A new study from Aarhus University demonstrates that a protein known for treating cardiovascular diseases also affects a mechanism in the kidney that reabsorbs proteins. This finding could lead to new treatment options for chronic kidney disease.

The new study is published in Kidney International in an article titled, “Proprotein convertase subtilisin/kexin type 9 targets megalin in the kidney proximal tubule and aggravates proteinuria in nephrotic syndrome.”

“Proteinuria is a prominent feature of chronic kidney disease,” wrote the researchers. “Interventions that reduce proteinuria slow the progression of chronic kidney disease and the associated risk of cardiovascular disease. Here, we propose a mechanistic coupling between proteinuria and proprotein convertase subtilisin/kexin type 9 (PCSK9), a regulator of cholesterol and a therapeutic target in cardiovascular disease.”

The researcher behind the study, associate professor at the department of biomedicine at Aarhus University, Kathrin Weyer, PhD, explained, “We have found that a protein called PCSK9, which influences the cholesterol level in the blood and increases the risk of cardiovascular diseases, has completely new and unexpected effects in the kidneys. In the study, we can see that PCSK9 regulates a receptor in the kidneys that controls the amount of protein excreted in the urine. This knowledge can potentially be used to treat patients whose kidneys are overloaded and therefore have an accumulation of protein in their urine.”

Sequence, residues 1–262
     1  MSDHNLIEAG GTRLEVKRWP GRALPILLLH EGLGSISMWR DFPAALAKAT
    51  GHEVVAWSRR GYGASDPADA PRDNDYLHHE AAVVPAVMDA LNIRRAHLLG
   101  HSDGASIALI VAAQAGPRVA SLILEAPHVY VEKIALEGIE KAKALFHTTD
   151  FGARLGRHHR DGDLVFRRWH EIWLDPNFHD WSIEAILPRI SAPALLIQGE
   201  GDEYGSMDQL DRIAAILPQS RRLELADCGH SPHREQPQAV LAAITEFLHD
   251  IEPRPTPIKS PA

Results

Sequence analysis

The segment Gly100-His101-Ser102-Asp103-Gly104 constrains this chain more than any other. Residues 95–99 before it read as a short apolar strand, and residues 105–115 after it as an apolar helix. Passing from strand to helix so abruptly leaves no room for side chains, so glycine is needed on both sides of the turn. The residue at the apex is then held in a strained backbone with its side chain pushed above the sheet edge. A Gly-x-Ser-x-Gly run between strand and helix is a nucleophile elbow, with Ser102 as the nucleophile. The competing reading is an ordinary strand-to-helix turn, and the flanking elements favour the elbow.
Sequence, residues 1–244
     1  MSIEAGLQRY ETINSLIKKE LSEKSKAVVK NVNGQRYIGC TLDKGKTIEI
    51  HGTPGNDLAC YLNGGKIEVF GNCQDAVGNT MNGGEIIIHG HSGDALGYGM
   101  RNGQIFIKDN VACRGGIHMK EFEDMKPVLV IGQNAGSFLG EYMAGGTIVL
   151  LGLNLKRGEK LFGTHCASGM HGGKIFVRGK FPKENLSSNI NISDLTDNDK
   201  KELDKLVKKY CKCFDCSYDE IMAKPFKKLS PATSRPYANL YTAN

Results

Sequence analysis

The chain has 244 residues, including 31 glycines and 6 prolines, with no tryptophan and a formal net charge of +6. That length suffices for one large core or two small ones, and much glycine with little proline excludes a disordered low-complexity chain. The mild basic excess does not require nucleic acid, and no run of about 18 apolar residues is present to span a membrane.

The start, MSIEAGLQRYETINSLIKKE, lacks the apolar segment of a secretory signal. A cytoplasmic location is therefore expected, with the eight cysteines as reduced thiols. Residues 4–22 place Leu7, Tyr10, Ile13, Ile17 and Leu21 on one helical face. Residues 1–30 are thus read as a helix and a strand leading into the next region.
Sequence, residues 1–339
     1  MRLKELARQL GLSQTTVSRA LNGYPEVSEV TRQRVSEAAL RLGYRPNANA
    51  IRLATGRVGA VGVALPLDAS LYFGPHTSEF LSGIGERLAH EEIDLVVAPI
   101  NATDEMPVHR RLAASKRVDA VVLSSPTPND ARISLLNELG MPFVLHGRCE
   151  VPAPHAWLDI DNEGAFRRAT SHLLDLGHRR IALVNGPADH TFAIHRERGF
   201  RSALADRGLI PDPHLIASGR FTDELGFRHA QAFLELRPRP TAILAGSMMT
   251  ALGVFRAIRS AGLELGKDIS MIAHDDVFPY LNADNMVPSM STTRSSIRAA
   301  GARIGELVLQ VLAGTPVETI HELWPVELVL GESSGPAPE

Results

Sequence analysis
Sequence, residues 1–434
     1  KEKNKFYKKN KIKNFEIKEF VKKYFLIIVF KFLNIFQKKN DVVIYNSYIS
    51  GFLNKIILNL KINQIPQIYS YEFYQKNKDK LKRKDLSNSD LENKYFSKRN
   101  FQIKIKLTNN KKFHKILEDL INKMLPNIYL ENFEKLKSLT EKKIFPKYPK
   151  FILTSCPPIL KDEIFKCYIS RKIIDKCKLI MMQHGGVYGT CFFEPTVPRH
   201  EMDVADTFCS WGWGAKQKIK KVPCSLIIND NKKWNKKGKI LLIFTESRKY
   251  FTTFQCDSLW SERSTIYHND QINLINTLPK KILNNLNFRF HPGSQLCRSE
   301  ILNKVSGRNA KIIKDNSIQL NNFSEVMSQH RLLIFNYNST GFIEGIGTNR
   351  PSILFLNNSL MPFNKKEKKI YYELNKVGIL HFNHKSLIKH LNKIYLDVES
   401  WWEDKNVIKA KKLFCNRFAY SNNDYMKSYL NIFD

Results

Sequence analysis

“Chronic kidney disease is a growing problem both domestically and globally. Therefore, new treatment options are necessary. We demonstrate a new molecular mechanism by which PCSK9 affects the development of proteinuria. This mechanism has not been previously known,” she explained.

Working in mice, the researchers discovered that PCSK9 binds to and downregulates the megalin receptor in the proximal tubules, modulating protein reabsorption in the kidneys. Their findings suggest future studies should determine if PCSK9 inhibitors may act beyond their lipid-lowering effects and provide renal protection in proteinuric kidney disease patients.

Weyer and the research team now hope to further investigate the use of PCSK9 inhibitors in the treatment of kidney diseases.

“Our study provides a basis for further studies that will examine whether the use of PCSK9 inhibition is beneficial in kidney diseases. If it turns out that it actually enhances treatment, then within a relatively short period, a completely new form of therapy can be offered to kidney patients.”

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